http://www.cherokeephoenix.orgAmy DeVore, Cherokee Nation public health educator, speaks with Regina Sumler, left, and Mettie Detherage during a smoking cessation class at the CN Vinita Health Center. Sumler and Mettie were taking the class to stop smoking. Oklahoma is spending more to combat tobacco use than most states — but it still isn’t close to what experts think is needed. STACIE GUTHRIE/CHEROKEE PHOENIX
Amy DeVore, Cherokee Nation public health educator, speaks with Regina Sumler, left, and Mettie Detherage during a smoking cessation class at the CN Vinita Health Center. Sumler and Mettie were taking the class to stop smoking. Oklahoma is spending more to combat tobacco use than most states — but it still isn’t close to what experts think is needed. STACIE GUTHRIE/CHEROKEE PHOENIX

Oklahoma advances efforts to combat tobacco use

01/29/2018 04:00 PM
OKLAHOMA CITY (AP) — Oklahoma is spending more to combat tobacco use than most states — but it still isn’t close to what experts think is needed.

Oklahoma ranks seventh on spending to curb tobacco use, with $19 million going to anti-smoking programs in the current fiscal year, according a report from the Campaign for Tobacco-Free Kids. That’s only about 45 percent of the $42.3 million the Centers for Disease Control and Prevention recommends the states put into encouraging current tobacco users to quit and discouraging youth from starting to smoke, though.

Julie Bisbee, Tobacco Settlement Endowment Trust spokeswoman, said the report doesn’t fully capture Oklahoma’s anti-tobacco efforts, because it doesn’t include about $3.8 million from the Oklahoma State Department of Health and county governments. The report noted that Oklahoma’s figures should be considered preliminary, because the state’s budget still isn’t finalized.

If that funding were included, Oklahoma would be tied for third place with North Dakota, which spent about 54 percent of what the CDC recommended on tobacco control.

The state is projected to receive about $389.5 million this budget year from cigarette taxes and the tobacco master settlement agreement, and only about 5 percent of that money will go to programs that discourage smoking.

Major tobacco companies reached an agreement with most of the states in the late 1990s to make annual payments to compensate states for health costs related to smoking.

Still, Oklahoma is spending more per capita on tobacco control than many states, and that’s partly because residents voted in 2000 to place 75 percent of proceeds from the settlement agreement into the Tobacco Settlement Endowment Trust. Other states have tended to raid the funding in bad budget years to pay for expenses not related to tobacco.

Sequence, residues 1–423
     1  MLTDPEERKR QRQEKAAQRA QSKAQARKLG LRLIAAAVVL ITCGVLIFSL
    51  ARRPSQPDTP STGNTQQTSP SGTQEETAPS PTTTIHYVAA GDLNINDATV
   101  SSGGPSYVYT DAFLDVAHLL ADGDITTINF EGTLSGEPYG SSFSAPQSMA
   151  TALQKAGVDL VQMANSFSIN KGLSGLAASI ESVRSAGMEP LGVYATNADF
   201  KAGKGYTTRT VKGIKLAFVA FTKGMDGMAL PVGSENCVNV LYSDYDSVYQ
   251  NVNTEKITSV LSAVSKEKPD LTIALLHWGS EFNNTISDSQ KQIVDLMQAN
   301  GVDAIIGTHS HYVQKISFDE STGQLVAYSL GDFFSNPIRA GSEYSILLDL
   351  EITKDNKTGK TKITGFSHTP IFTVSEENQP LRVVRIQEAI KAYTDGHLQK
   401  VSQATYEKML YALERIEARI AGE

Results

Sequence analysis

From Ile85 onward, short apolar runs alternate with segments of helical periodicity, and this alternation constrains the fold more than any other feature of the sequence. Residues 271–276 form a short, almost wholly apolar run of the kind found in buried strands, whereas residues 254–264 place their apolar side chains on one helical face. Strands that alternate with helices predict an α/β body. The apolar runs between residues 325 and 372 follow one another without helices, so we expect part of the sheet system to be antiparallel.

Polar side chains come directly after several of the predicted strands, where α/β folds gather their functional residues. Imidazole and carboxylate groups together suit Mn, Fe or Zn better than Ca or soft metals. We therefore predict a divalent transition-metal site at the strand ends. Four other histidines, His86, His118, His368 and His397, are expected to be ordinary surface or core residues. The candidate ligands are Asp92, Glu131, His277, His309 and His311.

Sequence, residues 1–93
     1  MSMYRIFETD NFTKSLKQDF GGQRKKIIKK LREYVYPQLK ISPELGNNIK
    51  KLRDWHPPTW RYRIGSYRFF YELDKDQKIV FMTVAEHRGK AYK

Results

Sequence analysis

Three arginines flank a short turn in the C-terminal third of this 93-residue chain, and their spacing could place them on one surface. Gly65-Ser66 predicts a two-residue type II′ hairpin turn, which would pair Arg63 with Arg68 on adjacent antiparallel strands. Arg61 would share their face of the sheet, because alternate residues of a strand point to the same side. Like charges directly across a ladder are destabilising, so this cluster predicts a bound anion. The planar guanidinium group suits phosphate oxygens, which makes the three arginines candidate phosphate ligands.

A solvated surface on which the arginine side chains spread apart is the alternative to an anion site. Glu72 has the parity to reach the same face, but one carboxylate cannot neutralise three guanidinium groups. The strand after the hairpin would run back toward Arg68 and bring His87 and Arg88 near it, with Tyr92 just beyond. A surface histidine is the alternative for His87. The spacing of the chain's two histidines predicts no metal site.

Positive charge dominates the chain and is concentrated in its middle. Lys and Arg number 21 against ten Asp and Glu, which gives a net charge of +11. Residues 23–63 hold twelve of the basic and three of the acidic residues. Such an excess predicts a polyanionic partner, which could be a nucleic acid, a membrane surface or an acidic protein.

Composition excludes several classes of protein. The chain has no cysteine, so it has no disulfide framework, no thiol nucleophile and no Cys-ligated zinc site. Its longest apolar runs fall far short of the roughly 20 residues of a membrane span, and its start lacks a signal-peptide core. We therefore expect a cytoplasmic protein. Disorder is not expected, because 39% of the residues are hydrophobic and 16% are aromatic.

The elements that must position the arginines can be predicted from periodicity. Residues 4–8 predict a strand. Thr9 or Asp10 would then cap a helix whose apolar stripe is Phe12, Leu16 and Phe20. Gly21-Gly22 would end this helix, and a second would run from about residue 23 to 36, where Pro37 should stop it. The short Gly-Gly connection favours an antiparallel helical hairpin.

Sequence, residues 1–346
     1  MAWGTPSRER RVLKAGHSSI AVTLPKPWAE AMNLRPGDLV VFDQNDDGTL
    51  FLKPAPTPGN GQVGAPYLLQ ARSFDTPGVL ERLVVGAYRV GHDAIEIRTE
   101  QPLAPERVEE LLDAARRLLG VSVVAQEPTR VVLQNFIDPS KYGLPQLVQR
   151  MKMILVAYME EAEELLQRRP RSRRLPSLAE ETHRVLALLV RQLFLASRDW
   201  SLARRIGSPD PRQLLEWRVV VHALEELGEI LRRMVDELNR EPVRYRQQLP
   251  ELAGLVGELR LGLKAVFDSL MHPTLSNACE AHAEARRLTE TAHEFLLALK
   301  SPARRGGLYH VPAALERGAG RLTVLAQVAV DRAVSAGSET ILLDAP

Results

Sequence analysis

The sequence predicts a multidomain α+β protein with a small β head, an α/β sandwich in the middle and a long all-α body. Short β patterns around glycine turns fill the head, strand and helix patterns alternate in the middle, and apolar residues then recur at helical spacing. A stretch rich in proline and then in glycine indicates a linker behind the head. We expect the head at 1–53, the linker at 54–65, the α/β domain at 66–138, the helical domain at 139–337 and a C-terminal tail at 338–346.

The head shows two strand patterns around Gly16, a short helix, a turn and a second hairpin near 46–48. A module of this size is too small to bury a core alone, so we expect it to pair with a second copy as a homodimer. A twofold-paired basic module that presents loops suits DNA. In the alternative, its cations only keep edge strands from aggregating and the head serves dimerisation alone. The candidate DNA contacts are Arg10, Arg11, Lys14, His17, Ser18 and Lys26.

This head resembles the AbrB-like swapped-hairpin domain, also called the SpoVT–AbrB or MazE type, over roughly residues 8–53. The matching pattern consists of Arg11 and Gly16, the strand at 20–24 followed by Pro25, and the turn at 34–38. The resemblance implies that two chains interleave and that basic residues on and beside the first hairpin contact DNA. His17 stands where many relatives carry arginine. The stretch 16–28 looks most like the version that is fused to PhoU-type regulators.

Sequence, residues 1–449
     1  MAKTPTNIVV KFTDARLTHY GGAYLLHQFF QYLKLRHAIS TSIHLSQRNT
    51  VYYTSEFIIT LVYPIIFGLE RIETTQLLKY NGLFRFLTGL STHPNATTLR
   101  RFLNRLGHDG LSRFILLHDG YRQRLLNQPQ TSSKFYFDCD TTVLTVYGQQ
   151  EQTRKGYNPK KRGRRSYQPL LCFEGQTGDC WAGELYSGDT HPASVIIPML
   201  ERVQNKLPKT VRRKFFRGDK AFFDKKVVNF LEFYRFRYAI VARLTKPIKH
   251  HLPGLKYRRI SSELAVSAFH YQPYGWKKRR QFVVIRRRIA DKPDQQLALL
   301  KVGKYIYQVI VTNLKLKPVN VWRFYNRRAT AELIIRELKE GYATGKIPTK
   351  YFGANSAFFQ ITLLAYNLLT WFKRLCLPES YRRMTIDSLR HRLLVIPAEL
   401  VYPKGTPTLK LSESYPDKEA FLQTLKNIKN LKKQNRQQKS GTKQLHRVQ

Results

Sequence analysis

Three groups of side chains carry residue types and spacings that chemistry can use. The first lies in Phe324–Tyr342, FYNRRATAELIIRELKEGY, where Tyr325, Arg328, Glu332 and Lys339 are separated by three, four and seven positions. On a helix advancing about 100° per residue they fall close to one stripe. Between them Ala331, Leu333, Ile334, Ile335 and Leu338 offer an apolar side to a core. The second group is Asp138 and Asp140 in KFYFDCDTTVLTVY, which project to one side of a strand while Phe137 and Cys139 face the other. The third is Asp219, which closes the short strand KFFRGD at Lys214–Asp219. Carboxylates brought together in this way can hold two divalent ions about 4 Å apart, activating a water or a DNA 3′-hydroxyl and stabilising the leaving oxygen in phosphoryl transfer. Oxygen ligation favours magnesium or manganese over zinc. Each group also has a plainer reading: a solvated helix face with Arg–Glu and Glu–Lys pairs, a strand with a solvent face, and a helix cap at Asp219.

About 20 percent of adults and 15 percent of high school students in Oklahoma smoke, according to the CDC. Both rates are higher than the national average, though they have gone down in recent years.

The report estimated that about 7,500 deaths in Oklahoma are linked to smoking each year, and that smoking increases health costs in the state by $1.62 billion annually. The estimate doesn’t include illnesses related to secondhand smoke, such as childhood asthma or premature births to mothers who smoke. It also doesn’t take into account cancers related to other forms of tobacco.

If Oklahoma wants to decrease its smoking rates, spending more on prevention isn’t the only way it needs to attack the problem, said Gary Raskob, dean of the University of Oklahoma College of Public Health and chair of the Oklahoma City-County Health Department board. The most important thing the state could do is make cigarettes more expensive, he said.

Oklahoma currently charges $1.03 in taxes per pack of cigarettes, the Oklahoman reported. A bill to raise the tax by $1.50 didn’t have support from three-quarters of the Legislature, which is required for a tax increase, so supporters packaged it as a “fee” and passed it with a simple majority. The Oklahoma Supreme Court promptly struck the law down as an unconstitutional tax increase, blowing a $250 million hole in the budget.

A tax increase also could pass by referendum, but that has only happened once, in 2004.

Tobacco companies are willing to offset smaller tax increases with coupons, Raskob said, but $1.50 seems to be their limit. While not everyone who is addicted to tobacco will quit when the price rises, tax increases have proved valuable in discouraging teens who have the occasional cigarette from becoming regular smokers, he said.

“What we really want to do is shut off the pipeline and the inflow of new smokers,” he said.

The state could use some of the increased revenue to target help with quitting at low-income people, who are more likely to smoke, and young people, who haven’t yet done severe damage to their health and benefit most from quitting, Raskob said. The Legislature also could reduce the smoking rate without spending any money if it lifted a ban on cities and counties adopting more stringent tobacco rules, such as local ordinances banning smoking in bars, he said.

Marketing by tobacco companies still dwarfs state anti-smoking spending in most states. In Oklahoma, tobacco companies spent about $8.50 on advertising and other promotions for every $1 the state spent on discouraging smoking in 2015, the last year with data available. Nationwide, the ratio was even more imbalanced, with tobacco companies spending about $12.40 for every $1 in anti-tobacco spending.